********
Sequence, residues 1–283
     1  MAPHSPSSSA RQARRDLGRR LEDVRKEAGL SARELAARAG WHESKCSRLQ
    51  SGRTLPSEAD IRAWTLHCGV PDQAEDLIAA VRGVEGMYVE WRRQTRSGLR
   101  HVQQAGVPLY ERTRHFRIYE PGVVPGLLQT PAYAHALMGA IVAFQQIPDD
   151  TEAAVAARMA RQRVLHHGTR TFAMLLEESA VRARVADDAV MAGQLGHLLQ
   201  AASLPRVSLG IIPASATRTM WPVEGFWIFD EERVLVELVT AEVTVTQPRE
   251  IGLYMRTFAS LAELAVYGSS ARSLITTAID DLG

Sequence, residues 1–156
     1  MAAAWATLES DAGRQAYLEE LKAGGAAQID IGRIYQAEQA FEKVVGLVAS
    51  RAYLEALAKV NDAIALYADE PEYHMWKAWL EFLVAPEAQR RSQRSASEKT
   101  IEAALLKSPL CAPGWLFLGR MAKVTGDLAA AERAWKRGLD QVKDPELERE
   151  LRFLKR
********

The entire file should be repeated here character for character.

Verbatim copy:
Sequence, residues 1–283
     1  MAPHSPSSSA RQARRDLGRR LEDVRKEAGL SARELAARAG WHESKCSRLQ
    51  SGRTLPSEAD IRAWTLHCGV PDQAEDLIAA VRGVEGMYVE WRRQTRSGLR
   101  HVQQAGVPLY ERTRHFRIYE PGVVPGLLQT PAYAHALMGA IVAFQQIPDD
   151  TEAAVAARMA RQRVLHHGTR TFAMLLEESA VRARVADDAV MAGQLGHLLQ
   201  AASLPRVSLG IIPASATRTM WPVEGFWIFD EERVLVELVT AEVTVTQPRE
   251  IGLYMRTFAS LAELAVYGSS ARSLITTAID DLG

Sequence, residues 1–156
     1  MAAAWATLES DAGRQAYLEE LKAGGAAQID IGRIYQAEQA FEKVVGLVAS
    51  RAYLEALAKV NDAIALYADE PEYHMWKAWL EFLVAPEAQR RSQRSASEKT
   101  IEAALLKSPL CAPGWLFLGR MAKVTGDLAA AERAWKRGLD QVKDPELERE
   151  LRFLKR